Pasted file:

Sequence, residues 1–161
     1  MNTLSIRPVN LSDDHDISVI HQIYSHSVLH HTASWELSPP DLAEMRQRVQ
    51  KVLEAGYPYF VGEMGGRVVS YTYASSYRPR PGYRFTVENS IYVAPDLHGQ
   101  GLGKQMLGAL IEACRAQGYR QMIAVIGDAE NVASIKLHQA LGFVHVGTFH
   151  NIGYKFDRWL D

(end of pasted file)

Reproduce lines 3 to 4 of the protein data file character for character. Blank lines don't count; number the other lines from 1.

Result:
    51  KVLEAGYPYF VGEMGGRVVS YTYASSYRPR PGYRFTVENS IYVAPDLHGQ
   101  GLGKQMLGAL IEACRAQGYR QMIAVIGDAE NVASIKLHQA LGFVHVGTFH